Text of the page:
- Staff is currently conducting “focused, risk-based” exams on this pool of new registrants;
- So far, some of the problem areas that have arisen are as follows: “misallocating fees and expenses; charging improper fees to portfolio companies or the funds they manage; disclosing fee monitoring inadequately; and using bogus service providers to charge false fees in order to kick back part of the fee to the adviser.”
Focusing on Complex Businesses and Complex Investment Strategies
While the SEC has not publicly defined how it is using its “risk-based exams” it appears it is using complexity as a key determinant of risk. The result is that the SEC is focusing on funds that have complex businesses and complex investment strategies.
The Complexity of Regulating Complex Investments
How complex is this task? One indicator is the amount of staff required to carry out the examinations. As part of the fiscal 2015 budget request, the SEC is looking for funding to add 316 examination staff to its Office of Compliance Inspections and Examinations. This would increase the current 450 examination staff by over 70 percent.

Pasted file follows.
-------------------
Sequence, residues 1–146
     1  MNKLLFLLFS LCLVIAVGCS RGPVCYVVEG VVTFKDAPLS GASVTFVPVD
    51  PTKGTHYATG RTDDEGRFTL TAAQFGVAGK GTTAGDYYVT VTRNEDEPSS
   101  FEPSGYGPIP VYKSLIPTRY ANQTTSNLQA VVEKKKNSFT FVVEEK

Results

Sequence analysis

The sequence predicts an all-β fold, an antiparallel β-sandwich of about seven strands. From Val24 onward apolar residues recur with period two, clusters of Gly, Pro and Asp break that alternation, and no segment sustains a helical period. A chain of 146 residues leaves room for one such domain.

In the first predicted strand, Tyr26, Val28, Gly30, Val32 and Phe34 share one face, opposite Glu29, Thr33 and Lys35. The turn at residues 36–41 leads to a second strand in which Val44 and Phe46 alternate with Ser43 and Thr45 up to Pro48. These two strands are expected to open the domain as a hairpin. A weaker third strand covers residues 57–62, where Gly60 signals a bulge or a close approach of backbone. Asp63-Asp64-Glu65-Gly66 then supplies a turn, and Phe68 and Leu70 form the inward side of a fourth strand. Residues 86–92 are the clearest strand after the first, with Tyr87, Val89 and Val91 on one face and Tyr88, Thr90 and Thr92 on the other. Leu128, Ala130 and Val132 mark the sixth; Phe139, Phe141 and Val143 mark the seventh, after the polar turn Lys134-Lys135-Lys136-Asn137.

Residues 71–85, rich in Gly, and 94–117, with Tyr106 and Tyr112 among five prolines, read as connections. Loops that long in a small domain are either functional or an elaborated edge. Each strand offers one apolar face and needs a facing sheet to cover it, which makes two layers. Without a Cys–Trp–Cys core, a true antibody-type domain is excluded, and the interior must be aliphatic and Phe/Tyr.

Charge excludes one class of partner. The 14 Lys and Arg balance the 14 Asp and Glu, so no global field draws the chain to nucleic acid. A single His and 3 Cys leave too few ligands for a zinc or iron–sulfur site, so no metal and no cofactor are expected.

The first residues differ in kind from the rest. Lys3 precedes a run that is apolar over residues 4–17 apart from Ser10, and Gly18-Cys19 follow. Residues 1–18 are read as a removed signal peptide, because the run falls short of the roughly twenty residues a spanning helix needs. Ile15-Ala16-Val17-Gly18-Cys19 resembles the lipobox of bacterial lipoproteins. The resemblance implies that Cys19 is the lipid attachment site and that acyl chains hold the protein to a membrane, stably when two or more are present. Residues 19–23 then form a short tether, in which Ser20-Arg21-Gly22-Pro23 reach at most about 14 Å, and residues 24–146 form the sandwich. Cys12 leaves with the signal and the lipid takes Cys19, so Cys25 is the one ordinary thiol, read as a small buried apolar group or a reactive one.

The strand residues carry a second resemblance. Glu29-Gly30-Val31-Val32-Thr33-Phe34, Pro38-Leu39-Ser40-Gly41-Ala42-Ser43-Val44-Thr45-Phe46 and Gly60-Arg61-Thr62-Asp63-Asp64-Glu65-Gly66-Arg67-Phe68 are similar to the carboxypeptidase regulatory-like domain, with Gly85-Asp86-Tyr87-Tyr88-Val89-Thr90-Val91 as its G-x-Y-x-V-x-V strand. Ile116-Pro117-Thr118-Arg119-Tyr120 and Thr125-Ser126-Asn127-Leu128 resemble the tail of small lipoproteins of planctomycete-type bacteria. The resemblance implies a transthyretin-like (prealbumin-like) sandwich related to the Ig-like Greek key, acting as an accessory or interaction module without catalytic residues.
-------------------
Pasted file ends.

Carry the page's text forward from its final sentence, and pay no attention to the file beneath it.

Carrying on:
To put the size and scope of their mandate in perspective, the SEC has so far only examined about nine percent of RIA firms. Their goal is to have examined 25 percent of these newly registered advisers by the end of 2014.
As the evolutionary speed of investments continues to increase and change the landscape, the SEC will have to match it with the speed of change in its organizational structure. This will require great flexibility, creativity, and managerial savvy.